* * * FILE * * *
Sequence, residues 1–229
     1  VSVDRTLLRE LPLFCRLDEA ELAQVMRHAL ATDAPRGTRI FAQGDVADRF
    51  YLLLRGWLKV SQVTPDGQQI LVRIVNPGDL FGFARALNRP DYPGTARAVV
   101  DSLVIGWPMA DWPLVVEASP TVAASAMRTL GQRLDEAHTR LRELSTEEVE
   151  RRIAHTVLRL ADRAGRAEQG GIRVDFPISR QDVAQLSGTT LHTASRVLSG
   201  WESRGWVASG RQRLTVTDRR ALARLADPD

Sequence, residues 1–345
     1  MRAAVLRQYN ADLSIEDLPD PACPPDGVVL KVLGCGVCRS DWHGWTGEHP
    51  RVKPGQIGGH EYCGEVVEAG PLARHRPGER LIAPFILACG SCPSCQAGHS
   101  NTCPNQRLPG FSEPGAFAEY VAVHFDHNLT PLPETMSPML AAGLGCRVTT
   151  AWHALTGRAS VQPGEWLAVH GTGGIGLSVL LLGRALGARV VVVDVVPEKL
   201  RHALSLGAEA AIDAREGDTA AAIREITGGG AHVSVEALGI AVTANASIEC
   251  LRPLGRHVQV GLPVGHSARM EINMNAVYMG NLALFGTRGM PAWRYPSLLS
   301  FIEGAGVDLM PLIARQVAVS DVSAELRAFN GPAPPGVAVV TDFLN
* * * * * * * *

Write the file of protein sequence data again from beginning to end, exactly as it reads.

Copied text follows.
Sequence, residues 1–229
     1  VSVDRTLLRE LPLFCRLDEA ELAQVMRHAL ATDAPRGTRI FAQGDVADRF
    51  YLLLRGWLKV SQVTPDGQQI LVRIVNPGDL FGFARALNRP DYPGTARAVV
   101  DSLVIGWPMA DWPLVVEASP TVAASAMRTL GQRLDEAHTR LRELSTEEVE
   151  RRIAHTVLRL ADRAGRAEQG GIRVDFPISR QDVAQLSGTT LHTASRVLSG
   201  WESRGWVASG RQRLTVTDRR ALARLADPD

Sequence, residues 1–345
     1  MRAAVLRQYN ADLSIEDLPD PACPPDGVVL KVLGCGVCRS DWHGWTGEHP
    51  RVKPGQIGGH EYCGEVVEAG PLARHRPGER LIAPFILACG SCPSCQAGHS
   101  NTCPNQRLPG FSEPGAFAEY VAVHFDHNLT PLPETMSPML AAGLGCRVTT
   151  AWHALTGRAS VQPGEWLAVH GTGGIGLSVL LLGRALGARV VVVDVVPEKL
   201  RHALSLGAEA AIDAREGDTA AAIREITGGG AHVSVEALGI AVTANASIEC
   251  LRPLGRHVQV GLPVGHSARM EINMNAVYMG NLALFGTRGM PAWRYPSLLS
   301  FIEGAGVDLM PLIARQVAVS DVSAELRAFN GPAPPGVAVV TDFLN